Why Branch could have a future connecting companies with customers


Credit: Albert Chau

Out of all the companies in the ex-Twitter gang’s Obvious Corp’s umbrella of publishing startups — most notably, Medium — Branch is still perhaps the lowest-profile of the bunch. While it presents an interesting forum for conversation, eight months into its existence Branch is still figuring out how to get traction in a world that isn’t exactly lacking for conversation online.

Branch launched publicly about eight months ago with the idea of creating a public space for limited conversations among a few people. While it’s fostered some interesting discussions so far (“Is there a bubble?” “What have you learned about visiting Las Vegas?” “How much should a writer be paid, if anything?“), the company is clearly still figuring out how to get conversations going on the site.

branchteamI recently spoke with people from Branch and Hyatt, one of the first companies that’s been using Branch for marketing purposes, and it was clear from our conversation that Branch could have a real future in giving companies a place to talk to with consumers in a way that’s both fairly public and transparent but also limited in terms of the investment required by the companies. In other words, some of the aspects of Branch that make it unappealing to users could actually work in its favor when it comes to courting large businesses as customers — and potentially making money on the site.

Branch wasn’t created by one of the former Twitter founders like Medium was, but instead joined the Obvious Corp back in March of 2012. We wrote about the company in July and talked with CEO Josh Miller, who explained the idea behind the product and how he wanted to create the types of conversations people have with friends around a dinner table, but transport those conversations online to be shared and viewed publicly.

But as my colleague Mathew Ingram noted at the time, that closed nature of Branch conversations that are then posted online are reminiscent of blogs without comments — they seem odd to those of use who’ve become used to the spontaneous, collaborative qualities of traditional social media:

“The discussion also seems oddly sterile for anyone who has gotten used to the somewhat chaotic nature of a Twitter debate — or even in blog comments. And because it is less open, there is less of an opportunity for flames or irrelevant comments, but there is also less opportunity for a smart comment from a stranger.”

Yet the closed nature of the discussions and the greater assurance of quality control are obvious perks for a company like Hyatt that wants to hear what frequent travelers think of hotels, and wants to share that feedback publicly but doesn’t necessarily want to maintain a lengthy Facebook feed about the topic. Not to mention, users would probably get annoyed if Hyatt retweeted a lot of people tweeting about hotels, explained Dan Moriarty, the director of digital strategy for Hyatt.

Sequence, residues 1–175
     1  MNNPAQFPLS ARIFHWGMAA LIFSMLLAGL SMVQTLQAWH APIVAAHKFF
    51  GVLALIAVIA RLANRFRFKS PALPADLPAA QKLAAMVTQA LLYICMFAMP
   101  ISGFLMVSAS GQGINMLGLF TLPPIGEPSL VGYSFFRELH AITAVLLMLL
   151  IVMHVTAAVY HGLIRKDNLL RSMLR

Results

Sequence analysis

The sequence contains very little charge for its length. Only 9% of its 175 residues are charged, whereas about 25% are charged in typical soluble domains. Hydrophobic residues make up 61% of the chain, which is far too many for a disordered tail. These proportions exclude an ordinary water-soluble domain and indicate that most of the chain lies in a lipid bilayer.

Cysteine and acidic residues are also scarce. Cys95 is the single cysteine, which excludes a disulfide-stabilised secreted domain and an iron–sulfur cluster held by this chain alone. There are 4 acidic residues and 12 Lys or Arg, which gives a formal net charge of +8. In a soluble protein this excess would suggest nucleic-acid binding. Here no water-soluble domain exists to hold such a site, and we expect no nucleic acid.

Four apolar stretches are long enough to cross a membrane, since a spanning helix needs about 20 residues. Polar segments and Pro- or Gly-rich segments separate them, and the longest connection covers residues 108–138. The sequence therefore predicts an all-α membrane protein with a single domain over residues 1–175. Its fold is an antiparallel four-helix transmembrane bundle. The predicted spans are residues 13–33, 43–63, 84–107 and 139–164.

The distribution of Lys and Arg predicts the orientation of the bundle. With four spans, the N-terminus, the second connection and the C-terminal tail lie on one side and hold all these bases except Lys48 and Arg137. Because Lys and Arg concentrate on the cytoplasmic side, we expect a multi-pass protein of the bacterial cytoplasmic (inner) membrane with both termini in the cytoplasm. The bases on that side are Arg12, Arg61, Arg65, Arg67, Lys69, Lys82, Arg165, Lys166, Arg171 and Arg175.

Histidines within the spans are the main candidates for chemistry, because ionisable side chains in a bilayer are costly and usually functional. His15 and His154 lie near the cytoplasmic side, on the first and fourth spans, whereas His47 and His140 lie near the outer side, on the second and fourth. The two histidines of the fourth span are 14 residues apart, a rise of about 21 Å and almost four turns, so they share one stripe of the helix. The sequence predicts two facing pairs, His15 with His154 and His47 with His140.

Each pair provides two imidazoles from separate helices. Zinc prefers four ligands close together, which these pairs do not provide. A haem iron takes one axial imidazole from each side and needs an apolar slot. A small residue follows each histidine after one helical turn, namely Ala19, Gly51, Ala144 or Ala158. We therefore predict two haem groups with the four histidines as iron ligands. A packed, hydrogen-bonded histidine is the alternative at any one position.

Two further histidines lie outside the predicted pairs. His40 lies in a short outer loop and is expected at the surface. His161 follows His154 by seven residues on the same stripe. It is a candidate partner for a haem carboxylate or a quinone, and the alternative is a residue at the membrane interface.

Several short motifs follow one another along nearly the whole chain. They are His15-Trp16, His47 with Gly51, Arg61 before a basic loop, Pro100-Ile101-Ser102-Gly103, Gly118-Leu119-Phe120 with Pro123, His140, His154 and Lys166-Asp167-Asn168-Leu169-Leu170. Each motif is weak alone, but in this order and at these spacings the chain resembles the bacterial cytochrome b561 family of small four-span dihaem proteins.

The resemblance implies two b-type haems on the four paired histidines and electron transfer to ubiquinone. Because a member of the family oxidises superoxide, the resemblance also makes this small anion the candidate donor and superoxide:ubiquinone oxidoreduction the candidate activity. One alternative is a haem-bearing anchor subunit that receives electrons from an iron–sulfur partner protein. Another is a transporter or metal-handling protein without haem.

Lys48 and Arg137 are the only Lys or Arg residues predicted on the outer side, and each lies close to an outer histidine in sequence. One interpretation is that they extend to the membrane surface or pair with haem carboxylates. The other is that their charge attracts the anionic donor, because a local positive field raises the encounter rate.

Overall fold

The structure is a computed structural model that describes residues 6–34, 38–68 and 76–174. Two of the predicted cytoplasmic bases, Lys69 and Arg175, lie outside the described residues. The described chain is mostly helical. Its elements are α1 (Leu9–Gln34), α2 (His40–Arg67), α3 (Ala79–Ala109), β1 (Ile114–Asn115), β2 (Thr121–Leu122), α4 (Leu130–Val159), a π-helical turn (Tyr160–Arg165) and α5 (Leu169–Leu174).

But when I asked Moriarty why he doesn’t just send out a survey asking people what they think of hotels, he explained that the company has learned the value of sharing public feedback with users and the company gets more out of the experience in the long run by appearing more transparent.

“I think we’re over that worry,” he said about the possibility that users would post negative things publicly about Hyatt on a company Branch thread. “I think we’ve done a similar thing on Facebook or the website we started for the campaign, so we’ve worked through the pain of worrying about what people would say about us in social spaces.”

He noted that with a Branch conversation, Hyatt can pick influential travel or hotel bloggers and ask them about hotels, and then once the Branch is over, they can keep sharing the conversation and make sure other users see how the company took that feedback into account. So a conversation hosted with 20 people can get shared out to thousands of others. You could certainly argue that it’s a lot less transparent and truly open for a company to hand-pick people for a Branch conversation than respond to angry customers on Twitter, but you can see the appeal from the company’s perspective, and there’s no reason a company couldn’t do both.

“When you look at Branch… it’s just like-minded people opting into a conversation on things they care about,” he said. “So we definitely get a higher-quality of responses that are more thought through.”

Libby Brittain, the director of editorial development for Branch, said the company is still new, and they’re not sure what a money-making strategy with large corporate partners would look like, but it’s something they’ll evaluate.

“For publishers or brands, they’ve been told to be conversational for years,” she said. “But sometimes they really struggle to deliver on that promise with their customers or clients. I’ve been pleasantly surprised how this has worked.”

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